Examining issues both obvious and subtler, Zakaria sets out how and why the world has changed forever. The speed with which the Covid-19 virus spread around the world was shocking, and the fallout has been staggering. In fact, writes the author, “it may well turn out that this viral speck will cause the greatest economic, political, and social damage to humankind since World War II.” The U.S., in particular, was exposed as woefully unprepared, as government leadership failed to deliver a clear, practical message, and the nation’s vaunted medical institutions were caught flat-footed: "Before the pandemic…Americans might have taken solace in the country’s great research facilities or the huge amounts of money spent on health care, while forgetting about the waste, complexity and deeply unequal access that mark it as well." While American leaders wasted months denying the seriousness of Covid-19 and ignoring the advice of medical experts, other countries—e.g., South Korea, New Zealand, and Taiwan—acted swiftly and decisively, underscoring one of the author's main themes and second lesson: "What matters is not the quantity of government but the quality.” Discussing how “markets are not enough,” the author astutely shoots down the myth that throwing money at the problem can fix the situation; as such, he predicts a swing toward more socialist-friendly policies. Zakaria also delves into the significance of the digital economy, the resilience of cities (see the success of Hong Kong, Singapore, and Taipei in suppressing the virus), the deepening of economic inequality around the world, how the pandemic has exacerbated the rift between China and the U.S. (and will continue to do so), and why “people should listen to the experts—and experts should listen to the people."

A cleareyed, concise look at current and future affairs offering pertinent points to reflect and debate.

Pub Date: Oct. 6, 2020

ISBN: 978-0-393-54213-4

Page Count: 320

Publisher: Norton

Review Posted Online: Aug. 27, 2020

Kirkus Reviews Issue: Sept. 15, 2020

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As Wonder Woman might say, Suffering Sappho! This book is fascinating, fun, and consistently enlightening.

THE HEROINE WITH 1001 FACES

From Penelope and Pandora to Katniss Everdeen and Lisbeth Salander, the "hero's journey" gets a much-needed makeover.

In her latest, Tatar—the Harvard professor of folklore and mythology and Germanic languages and literature who has annotated collections of classic fairy tales, Brothers Grimm and Hans Christian Andersen, among others—begins by pointing out that all of the faces of heroism discussed in Joseph Campbell's influential book, The Hero With a Thousand Faces (1949), are male. To correct this requires a revision of the concept of heroism itself, rooted in numerous foundational texts. Starting with Greek mythology and Scheherezade and moving through the centuries all the way to the Game of Thrones series and The Queen's Gambit, Tatar incisively explores women's reinvention of heroism to embrace empathy, compassion, and care, often to pursue social justice. Among the many high points in this engaging study: an analysis of Little Women and Anne of Green Gables as autofiction, Jurassic Park as a reimagining of “Hansel and Gretel,” Harriet the Spy as an antiheroine, and a deep dive into the backstory of Wonder Woman. Receiving their own chapters are female sleuths such as Nancy Drew, Miss Marple, and the less well known characters of Kate Fansler, an academic, and Blanche White, who is Black. The book really takes off when it gets to contemporary culture, particularly in a section that identifies a female version of the "trickster" archetype in Everdeen and Salander. Of this lineage, among the shared interesting traits not traditionally associated with women characters is a prodigious appetite. "Like Gretel, Pippi Longstocking, and Lisbeth Salander before her,” writes Tatar, “Katniss gorges on rich food yet her hunger never ceases." The text is illustrated with many reproductions of paintings and other artwork—including a postcardworthy panel from the original Wonder Woman—that add much to the text.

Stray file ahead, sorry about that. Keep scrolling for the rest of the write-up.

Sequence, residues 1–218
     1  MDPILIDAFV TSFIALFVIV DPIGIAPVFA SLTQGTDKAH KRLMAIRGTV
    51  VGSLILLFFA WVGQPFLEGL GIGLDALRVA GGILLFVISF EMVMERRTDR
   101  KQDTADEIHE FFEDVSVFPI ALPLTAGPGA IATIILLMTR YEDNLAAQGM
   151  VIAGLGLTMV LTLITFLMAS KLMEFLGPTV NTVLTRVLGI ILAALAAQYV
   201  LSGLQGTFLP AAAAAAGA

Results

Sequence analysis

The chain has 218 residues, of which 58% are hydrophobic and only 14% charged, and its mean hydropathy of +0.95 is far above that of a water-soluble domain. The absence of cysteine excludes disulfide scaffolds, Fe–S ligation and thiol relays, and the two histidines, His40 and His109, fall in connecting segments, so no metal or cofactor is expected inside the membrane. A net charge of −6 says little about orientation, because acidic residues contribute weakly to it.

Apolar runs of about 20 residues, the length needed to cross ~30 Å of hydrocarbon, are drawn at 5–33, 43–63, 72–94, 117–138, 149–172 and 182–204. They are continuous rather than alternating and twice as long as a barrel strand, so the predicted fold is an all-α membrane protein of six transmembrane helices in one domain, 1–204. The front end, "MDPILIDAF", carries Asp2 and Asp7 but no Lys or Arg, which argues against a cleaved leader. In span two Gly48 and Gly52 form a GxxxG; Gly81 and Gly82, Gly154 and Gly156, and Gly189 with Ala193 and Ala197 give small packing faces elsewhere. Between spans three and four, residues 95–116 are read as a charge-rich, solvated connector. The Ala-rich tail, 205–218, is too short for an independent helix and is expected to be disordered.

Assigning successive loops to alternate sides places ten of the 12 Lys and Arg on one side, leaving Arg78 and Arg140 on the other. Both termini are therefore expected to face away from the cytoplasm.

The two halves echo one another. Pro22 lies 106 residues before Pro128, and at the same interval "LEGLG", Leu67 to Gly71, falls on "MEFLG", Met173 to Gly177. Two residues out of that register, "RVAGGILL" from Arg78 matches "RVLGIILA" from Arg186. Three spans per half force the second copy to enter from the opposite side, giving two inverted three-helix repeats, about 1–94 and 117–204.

As Wonder Woman might say, Suffering Sappho! This book is fascinating, fun, and consistently enlightening.

Pub Date: Sept. 14, 2021

ISBN: 978-1-63149-881-7

Page Count: 304

Publisher: Liveright/Norton

Review Posted Online: June 29, 2021

Kirkus Reviews Issue: July 15, 2021